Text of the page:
New Delhi, Sept. 2, 2013: Low and infrequently revised water and sanitation tariffs have led to the under recovery of costs and a widening gap between the cost of production and the tariff charged, the Union Ministry of Urban Development has observed. Concerned by the absence of cost reflective tariffs in cities and the poor management of funds, the Ministry has now asked all States to carry out tariff revisions for water and sanitation services at regular intervals and in a transparent manner.
It has also asked for ensuring a pass through of cost escalation on account of inflation in the tariff on an annual basis.
In an advisory to the States on tariff structure for urban water supply and sewerage services, the Ministry has recommended that tariff for water should not only include cost of operation and maintenance, but should also cover the capital replacement cost. Noting that water and sanitation tariff plans in several cities do not even cover the essential operation and maintenance, the Ministry has said tariff revision not carried out timely has led to a widening gap between the cost of production and the tariff charged.
“The Ministry has notified that desired service level benchmark for cost recovery in water supply services as 100 per cent. A study conducted in 2008-09 revealed that on an average the cost recovery is 67.2 per cent while only 5 cities recovered full operation and maintenance (O&M) cost and 16 urban local bodies could recover less than 65 per cent of their O&M cost,” the Ministry has said.
The concept of levying user charges has been appreciated on the grounds that it helps in maintenance and upgrading the services. “Water is considered to be essential good and provided at very low rates and even free of cost,” the Ministry has put forth.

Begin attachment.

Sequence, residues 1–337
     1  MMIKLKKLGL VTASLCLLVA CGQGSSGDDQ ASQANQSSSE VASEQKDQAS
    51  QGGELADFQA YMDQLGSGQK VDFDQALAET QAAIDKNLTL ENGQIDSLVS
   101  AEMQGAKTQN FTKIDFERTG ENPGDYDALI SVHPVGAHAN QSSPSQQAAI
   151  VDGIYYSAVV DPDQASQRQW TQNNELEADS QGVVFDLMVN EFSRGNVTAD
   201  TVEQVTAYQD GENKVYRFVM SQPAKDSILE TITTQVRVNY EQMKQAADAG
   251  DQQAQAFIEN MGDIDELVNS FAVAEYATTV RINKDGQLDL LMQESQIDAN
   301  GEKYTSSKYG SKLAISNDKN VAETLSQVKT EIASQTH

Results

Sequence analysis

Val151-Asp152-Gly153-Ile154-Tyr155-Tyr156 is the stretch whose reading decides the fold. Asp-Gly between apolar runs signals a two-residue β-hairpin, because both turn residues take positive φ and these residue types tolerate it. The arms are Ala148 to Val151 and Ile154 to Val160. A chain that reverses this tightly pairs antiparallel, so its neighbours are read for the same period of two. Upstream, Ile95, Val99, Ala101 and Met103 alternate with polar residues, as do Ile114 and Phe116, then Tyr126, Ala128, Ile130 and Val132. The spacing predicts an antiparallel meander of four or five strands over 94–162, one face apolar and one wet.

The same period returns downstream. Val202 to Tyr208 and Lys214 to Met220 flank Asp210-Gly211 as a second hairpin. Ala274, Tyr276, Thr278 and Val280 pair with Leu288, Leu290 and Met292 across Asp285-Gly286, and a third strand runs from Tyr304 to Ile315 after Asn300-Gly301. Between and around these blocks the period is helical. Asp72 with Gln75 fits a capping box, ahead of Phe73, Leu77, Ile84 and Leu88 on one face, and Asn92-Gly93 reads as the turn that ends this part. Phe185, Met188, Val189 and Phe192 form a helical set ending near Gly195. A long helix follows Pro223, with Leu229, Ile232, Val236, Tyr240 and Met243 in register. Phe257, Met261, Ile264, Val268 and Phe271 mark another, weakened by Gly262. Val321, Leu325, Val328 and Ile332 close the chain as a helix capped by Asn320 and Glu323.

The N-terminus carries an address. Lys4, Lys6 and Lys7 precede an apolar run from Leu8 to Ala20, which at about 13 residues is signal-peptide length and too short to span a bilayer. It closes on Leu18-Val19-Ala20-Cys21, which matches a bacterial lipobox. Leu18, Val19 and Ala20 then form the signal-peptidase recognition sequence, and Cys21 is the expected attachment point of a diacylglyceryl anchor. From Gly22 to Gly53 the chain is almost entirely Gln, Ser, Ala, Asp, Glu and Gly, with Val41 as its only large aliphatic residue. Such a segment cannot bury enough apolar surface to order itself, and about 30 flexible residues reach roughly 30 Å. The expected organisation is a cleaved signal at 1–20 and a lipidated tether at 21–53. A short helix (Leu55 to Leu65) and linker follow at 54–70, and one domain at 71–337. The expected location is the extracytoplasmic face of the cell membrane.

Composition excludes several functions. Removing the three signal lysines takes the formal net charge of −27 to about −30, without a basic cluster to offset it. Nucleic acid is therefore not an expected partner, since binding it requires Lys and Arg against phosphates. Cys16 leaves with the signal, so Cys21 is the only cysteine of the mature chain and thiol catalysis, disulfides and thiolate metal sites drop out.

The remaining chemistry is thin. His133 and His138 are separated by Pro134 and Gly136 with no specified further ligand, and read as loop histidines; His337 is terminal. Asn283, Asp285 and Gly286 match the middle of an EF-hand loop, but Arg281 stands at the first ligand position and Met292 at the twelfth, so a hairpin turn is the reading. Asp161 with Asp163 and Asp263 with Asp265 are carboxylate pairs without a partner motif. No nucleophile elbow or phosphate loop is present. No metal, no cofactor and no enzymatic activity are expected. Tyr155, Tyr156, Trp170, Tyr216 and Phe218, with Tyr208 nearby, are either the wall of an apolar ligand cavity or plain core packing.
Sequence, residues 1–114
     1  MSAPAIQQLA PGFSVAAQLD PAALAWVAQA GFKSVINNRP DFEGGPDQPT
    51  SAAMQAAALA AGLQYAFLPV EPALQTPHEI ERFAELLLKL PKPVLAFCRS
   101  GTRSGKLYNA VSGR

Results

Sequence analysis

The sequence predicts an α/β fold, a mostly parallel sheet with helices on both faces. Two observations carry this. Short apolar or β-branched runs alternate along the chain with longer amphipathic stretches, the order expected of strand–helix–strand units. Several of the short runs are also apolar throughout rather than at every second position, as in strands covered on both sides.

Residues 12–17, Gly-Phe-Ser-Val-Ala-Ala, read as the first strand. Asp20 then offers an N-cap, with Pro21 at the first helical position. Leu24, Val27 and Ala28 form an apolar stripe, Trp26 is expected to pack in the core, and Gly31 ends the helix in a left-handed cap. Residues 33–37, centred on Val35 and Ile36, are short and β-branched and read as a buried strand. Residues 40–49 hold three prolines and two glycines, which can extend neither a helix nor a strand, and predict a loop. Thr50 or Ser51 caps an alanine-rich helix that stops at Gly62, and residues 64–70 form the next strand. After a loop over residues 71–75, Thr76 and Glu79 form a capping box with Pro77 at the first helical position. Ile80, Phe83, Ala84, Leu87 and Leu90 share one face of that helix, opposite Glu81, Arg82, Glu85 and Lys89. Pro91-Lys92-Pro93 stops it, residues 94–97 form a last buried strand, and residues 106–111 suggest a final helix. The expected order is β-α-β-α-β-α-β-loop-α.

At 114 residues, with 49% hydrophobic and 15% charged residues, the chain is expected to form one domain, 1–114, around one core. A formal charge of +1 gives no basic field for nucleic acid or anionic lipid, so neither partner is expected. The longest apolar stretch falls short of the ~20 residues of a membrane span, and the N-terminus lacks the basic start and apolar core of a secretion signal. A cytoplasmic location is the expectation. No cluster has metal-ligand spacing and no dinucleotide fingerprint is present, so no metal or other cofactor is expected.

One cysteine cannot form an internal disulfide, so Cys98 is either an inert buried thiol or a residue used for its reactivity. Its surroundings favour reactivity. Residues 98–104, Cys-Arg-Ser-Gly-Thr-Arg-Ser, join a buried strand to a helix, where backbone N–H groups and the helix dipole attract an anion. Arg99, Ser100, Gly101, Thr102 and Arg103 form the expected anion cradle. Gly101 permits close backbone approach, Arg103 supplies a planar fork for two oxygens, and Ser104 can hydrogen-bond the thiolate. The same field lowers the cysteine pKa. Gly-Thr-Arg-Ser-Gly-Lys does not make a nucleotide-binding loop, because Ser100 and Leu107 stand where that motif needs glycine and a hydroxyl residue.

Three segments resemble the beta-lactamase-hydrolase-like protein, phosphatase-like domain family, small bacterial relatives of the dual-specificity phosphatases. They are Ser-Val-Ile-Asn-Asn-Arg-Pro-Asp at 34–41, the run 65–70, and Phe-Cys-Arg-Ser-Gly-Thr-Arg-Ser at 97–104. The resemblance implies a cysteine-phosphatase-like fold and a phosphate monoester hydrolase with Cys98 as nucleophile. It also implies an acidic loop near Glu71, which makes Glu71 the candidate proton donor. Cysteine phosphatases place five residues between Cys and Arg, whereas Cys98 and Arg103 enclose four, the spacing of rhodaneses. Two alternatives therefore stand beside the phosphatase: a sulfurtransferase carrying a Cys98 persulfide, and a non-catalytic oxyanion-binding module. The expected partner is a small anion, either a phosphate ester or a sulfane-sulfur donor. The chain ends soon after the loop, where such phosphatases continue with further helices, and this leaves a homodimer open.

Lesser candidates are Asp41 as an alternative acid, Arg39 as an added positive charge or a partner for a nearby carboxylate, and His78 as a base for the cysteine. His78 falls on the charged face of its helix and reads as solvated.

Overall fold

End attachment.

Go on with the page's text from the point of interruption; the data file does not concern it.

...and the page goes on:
It has recommended that user charges should be constructed in a way to meet the O&M cost, debt servicing, and depreciation towards the cost of the project. “In addition, they must also generate some surplus to enable building the equity base of urban local bodies, supported, where appropriate with viability gap funding.”
The Ministry has also recommended that where services can be measured and beneficiaries identified, user charges must apply rather than taxes. “Where beneficiaries are not easily identifiable or benefits not easily measured, the cost of services should be recouped through a surrogate tax on an appropriate base.”
The efforts made to stem non revenue water and cover the costs will help curtail wastage of treated water, the Ministry has said, pointing out that about 30-60 per cent of water supplied gets wasted and 60 per cent of all losses occur because of unmetered or faulty connections.
As for sewerage charges, the Ministry has recommended fixing up sewage tariff as 50-75 per cent of water tariff according to the water use. (Source: Smriti Kak Ramachandran, The Hindu)